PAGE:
An arson fire destroys a beloved landmark

woody_1webThe first big fire I ever photographed was one that had a profound impact on Bakersfield. Woody’s Toy Circus was a landmark, legendary toy store right in the heart of downtown Bakersfield, and held fond memories for just about anybody who grew up in the 1960s and 1970s. Woody Bryant, the owner, was a celebrity who also hosted a popular children’s television program, “The Uncle Woody Show.” Woody’s Toy Circus was, of course, the place to go for toys in Bakersfield during those decades. (I believe the store existed for several decades before Bryant launched the popular television show.)

On December 22, 1983, I was nearing the end of my shift when around 10 pm I heard a call on the police scanner of smoke coming from the store. Woody’s was on Chester Avenue at 22th Street, just a few blocks from The Californian’s office. I jumped in the car to go check it out. When I arrived, ahead of most of the fire equipment that would soon respond, I saw smoke coming from the building, but it didn’t seem too bad. But the smoke intensified, then began billowing, and within minutes, Woody’s Toy Circus was fully engulfed in flames. I watched and photographed as firefighters desperately sought to contain the flames, but by the time the fire was brought under control, Woody’s Toy Circus was gone.


Investigators would determine that the Woody’s Toy Circus fire was arson. Lester Louis Hutton, Jr. was a salesman for Woody’s Toy Circus. Bryant began to notice portions of the store’s significant Christmas sales deposits were missing after Hutton suggested that he should take over making the store’s bank deposits as a security precaution. Bryant spoke to Hutton about the missing deposits a day or two before the fire. Employees left the store around 9:30 pm, a half hour before the fire, and reported that Hutton was the lone worker remaining in the store. About 15 minutes later, he purchased a soft drink, a gasoline tank and gasoline at a nearby 7-11 store. Hutton would be charged with arson and grand theft. He was found not guilty on the arson charge and was convicted of grand theft. This Justia U.S. Law summary provides more details about the legal case of Lester Louis Hutton. And this site, dedicated to The Uncle Woody Show and his Toy Circus store, provides some nice history, including an interview with Woody Bryant from December, 2012.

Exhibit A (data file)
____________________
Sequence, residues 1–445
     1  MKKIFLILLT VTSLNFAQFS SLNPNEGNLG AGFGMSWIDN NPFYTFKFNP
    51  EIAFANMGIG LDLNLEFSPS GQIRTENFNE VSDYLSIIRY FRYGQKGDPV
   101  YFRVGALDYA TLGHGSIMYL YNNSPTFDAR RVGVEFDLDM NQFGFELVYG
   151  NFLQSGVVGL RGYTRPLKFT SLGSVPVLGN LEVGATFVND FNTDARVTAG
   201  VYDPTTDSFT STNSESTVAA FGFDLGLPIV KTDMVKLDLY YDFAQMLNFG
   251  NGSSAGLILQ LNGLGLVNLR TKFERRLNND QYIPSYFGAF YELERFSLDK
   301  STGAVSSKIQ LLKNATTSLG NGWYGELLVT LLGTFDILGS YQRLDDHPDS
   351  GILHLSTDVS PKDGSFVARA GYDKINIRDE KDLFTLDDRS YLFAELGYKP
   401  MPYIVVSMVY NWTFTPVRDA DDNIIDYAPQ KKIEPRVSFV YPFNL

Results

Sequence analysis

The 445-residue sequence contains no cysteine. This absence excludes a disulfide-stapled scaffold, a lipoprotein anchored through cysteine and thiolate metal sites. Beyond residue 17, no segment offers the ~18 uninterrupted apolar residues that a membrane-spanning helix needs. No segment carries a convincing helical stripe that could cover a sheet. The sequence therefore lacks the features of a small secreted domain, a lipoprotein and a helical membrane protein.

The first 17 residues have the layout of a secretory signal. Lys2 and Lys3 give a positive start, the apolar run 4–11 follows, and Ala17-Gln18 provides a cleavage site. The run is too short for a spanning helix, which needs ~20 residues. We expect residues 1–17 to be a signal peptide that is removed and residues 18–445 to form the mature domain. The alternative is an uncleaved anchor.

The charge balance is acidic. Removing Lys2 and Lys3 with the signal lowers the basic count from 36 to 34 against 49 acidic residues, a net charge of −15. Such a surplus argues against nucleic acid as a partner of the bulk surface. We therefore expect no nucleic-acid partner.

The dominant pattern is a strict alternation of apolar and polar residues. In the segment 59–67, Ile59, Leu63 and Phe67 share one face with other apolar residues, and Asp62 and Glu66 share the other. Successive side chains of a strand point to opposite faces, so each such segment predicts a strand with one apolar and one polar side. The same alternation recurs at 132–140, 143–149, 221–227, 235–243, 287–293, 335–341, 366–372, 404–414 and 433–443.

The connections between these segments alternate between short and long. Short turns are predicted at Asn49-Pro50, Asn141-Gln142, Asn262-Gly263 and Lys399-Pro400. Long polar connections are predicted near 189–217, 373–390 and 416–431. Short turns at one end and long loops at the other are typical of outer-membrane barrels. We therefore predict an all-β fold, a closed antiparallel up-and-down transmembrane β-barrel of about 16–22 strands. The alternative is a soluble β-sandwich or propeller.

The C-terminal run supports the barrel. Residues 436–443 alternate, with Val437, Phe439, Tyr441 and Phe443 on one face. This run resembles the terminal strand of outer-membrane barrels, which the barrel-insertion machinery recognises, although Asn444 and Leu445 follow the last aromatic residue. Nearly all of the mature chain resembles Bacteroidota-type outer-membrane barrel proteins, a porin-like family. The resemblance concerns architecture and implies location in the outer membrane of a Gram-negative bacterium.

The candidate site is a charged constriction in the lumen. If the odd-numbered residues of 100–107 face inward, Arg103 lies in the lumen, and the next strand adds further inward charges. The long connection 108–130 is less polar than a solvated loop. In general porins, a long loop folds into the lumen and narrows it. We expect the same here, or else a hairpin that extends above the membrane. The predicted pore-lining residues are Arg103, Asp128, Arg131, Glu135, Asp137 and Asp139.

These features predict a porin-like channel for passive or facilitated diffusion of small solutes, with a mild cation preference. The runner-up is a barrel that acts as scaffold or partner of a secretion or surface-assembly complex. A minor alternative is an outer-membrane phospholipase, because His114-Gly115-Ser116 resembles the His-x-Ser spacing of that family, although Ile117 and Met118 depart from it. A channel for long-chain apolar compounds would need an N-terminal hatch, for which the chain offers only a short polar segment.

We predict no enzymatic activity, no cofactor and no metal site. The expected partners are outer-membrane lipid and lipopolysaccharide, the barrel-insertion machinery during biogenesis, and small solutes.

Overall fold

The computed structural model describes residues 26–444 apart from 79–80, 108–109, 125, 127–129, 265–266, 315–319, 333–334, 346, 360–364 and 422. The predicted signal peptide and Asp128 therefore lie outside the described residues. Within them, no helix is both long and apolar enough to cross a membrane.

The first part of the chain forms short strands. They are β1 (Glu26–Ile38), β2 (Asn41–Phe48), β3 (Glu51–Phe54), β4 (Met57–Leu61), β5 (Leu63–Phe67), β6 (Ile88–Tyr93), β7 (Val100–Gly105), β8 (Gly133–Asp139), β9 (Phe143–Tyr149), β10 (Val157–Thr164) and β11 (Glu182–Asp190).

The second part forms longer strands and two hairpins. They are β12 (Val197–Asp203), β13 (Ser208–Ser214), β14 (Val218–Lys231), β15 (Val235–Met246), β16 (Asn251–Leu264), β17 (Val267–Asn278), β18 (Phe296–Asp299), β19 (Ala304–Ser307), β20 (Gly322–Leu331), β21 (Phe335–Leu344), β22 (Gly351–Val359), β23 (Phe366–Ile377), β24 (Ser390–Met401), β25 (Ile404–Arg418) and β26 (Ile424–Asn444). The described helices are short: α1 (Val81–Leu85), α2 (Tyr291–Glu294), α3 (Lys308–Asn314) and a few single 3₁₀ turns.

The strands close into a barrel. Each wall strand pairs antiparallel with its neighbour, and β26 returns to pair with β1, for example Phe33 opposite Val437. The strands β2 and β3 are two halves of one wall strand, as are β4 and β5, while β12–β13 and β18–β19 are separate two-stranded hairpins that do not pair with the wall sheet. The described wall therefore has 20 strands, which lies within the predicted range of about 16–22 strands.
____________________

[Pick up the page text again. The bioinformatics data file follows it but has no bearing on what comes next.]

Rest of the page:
I also learned a bit of a news photography lesson that night. When covering a fire, don’t park your car right in front of the building that is on fire! Yep, I did that. I was a young, green pup back then. Fortunately, as the fire spread, I was able to move the car out of the way.

This screen shot from the Uncle Woody Show web site shows the Chester Avenue store in its hey day, most likely in the 1960s.
This screen shot from the Uncle Woody Show web site shows the store in its hey day, most likely in the 1960s.

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